Description: This passage focuses on the kahoot login, which shows you a new feature on Kahoot that will improve engagement and critical thinking. In addition to the quiz format, Kahoot introduces a Jumble game where answers have to be placed in correct order
I have found this great tool on Kahoot that you can use to help improve learning and engagement, we’re going to show this to you, on the left is what your projector would look like, on the right is what the kids would see on their phone.
First if we go to Kahoot and you sign in, what you’ll notice is that to add something new, they’ll put it at the top of this, you’ll see a new game called jumble that they’re going to play now, they’re going to give you some examples, you can use these examples on your own, you can copy them and edit them.
We’re going to take a look at one that’s called build the equation, this is a good math exam and also shows you the power of what jumble is, Susan found this tool, it’s neat, because it’s a more interactive way to have Kahoot, it’s more than pick one choice, you have to put things in order based on the four choices that are available.
We’re going to do this one from math because this is a very fun way they did it, this would be very good for format, we’ll show you one for English as well, you open up your Kahoot, the kids will sign on, the jumble is one of many different tools you can use.
They show you how to do a Kahoot, they have discussion and survey, initially the phone’s going to be a little slow but it will catch up, it’s a build the equation, the great thing about they serve is this nice warm up question, it’s a good way for them to practice using jumble.
The first question my phone is to put the number in order from lowest to highest, you’ll see it come up on the phone, you’ll see the four choices, you have to drag the colors and the shapes in order, in this case it would be blue, red, green, then yellow.
They drag it, when they’re good, they click that, it gives you that bar to tell you how many are correct which is same standard format, this is very interesting, this takes me a minute because I’m an English teacher, this gives you time to think and remember, you can go all up to 120 seconds.
The answers are 10, 78, 45 and 9, then you click the button, the button won’t let you submit until you have all 4 fit in there, this was interesting, they write out an equation as a sentence, what you have to do is to look at a sentence and create the equation.
A number that is increased by 12 is 18, a number would be X, that would be plus, once you start whittling down, it comes easier, they took an image, they created that blank equation format, they made it an image, when you create the question, you can upload media, in this case they upload the image.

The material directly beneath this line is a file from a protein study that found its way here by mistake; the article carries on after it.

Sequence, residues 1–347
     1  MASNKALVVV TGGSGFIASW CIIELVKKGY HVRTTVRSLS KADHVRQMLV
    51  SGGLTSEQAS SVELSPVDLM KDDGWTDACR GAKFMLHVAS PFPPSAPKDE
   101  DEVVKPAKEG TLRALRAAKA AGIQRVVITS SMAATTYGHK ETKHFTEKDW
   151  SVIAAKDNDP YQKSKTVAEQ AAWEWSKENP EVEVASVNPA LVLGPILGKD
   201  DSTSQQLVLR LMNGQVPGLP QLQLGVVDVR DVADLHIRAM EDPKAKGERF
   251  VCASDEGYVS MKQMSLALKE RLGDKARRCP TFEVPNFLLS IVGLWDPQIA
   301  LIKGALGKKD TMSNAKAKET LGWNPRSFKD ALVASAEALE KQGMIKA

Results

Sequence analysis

I can show you how to do that in Google Drive where you can create these images and load them up, a number divided by 80 is 4 less than 40, this is cool because I have to stop and think and figure it out, if the kids get it wrong, they can slide it back down, this is cool.
It’s not team mode, it’s only single player mode, but that’s fine, it collects data like any other game, 10 questions go on like this, it gives you a question at the end that’s an equation, you have to create the sentence, I think for the sake of time let’s take a look at how you can also use this for reading and language, but the math example is good.
Susan showed me that, we liked it, if you go to jumble, they show you some pre-made ones, some of them are clearly games, but something could be educational, we want to look at word jumble, now it’s not the best example for language, it’s something that you can build from, you can use as a frame.
Get the second normal Kahoot started and get it load up, make sure if the kids are on the Wi-Fi, the Wi-Fi is shaky, you tell them to use their carrier signal because they want to get kicked out in the middle of the game, I mean they can rejoin but it makes wi-fi shaky.
The kids would punch in the code, they have it set up, like Wheel of Fortune there is a warm up, this is a good way if you give them something simple the first time they do this to get them used to this format, it’s very good practice for PARCC test because they have to learn how to manipulate things to do with the fingers on the phone.
In this case we’re going to spell out the word, it’s a good warm-up, this is a practice to get familiar with that, you don’t have to win any points for it if you don’t want to, the next question is good if you want to practice clauses and phrases.
You get a sixty character limit per box, so you could probably fit in phrases, you can practice using modifying phrases or even if you’re in a foreign language, you could set it up to where you’re doing a sentence in a foreign language.
As Susan point out for Esau, this is great for kids learning how to construct basic sentences, fill in the missing gaps, this may look simple, it looks like a wheel of fortune, but when I first saw this, I’m thinking back to my days of learning French and having to learn the different accents.
Having to pick the right one would be a good a example of that, what’s neat about jumble is that you get a chance to have more manipulation, more student involvement and a little more problem-solving rather than plain old multiple-choice.
If you can give this a try, let Susan and I know if this worked out for you, we’re interested to see how you use this and what what ways that students could make something of this, I hope that this has been helpful, thanks for reading.